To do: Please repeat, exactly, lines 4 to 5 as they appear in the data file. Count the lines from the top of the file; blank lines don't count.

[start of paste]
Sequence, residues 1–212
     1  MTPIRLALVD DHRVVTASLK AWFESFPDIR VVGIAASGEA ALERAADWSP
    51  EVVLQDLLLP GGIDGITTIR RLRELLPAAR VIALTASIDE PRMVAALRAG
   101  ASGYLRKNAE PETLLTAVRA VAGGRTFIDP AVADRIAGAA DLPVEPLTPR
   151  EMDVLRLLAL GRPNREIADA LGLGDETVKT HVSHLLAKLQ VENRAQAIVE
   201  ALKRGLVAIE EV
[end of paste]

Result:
   101  ASGYLRKNAE PETLLTAVRA VAGGRTFIDP AVADRIAGAA DLPVEPLTPR
   151  EMDVLRLLAL GRPNREIADA LGLGDETVKT HVSHLLAKLQ VENRAQAIVE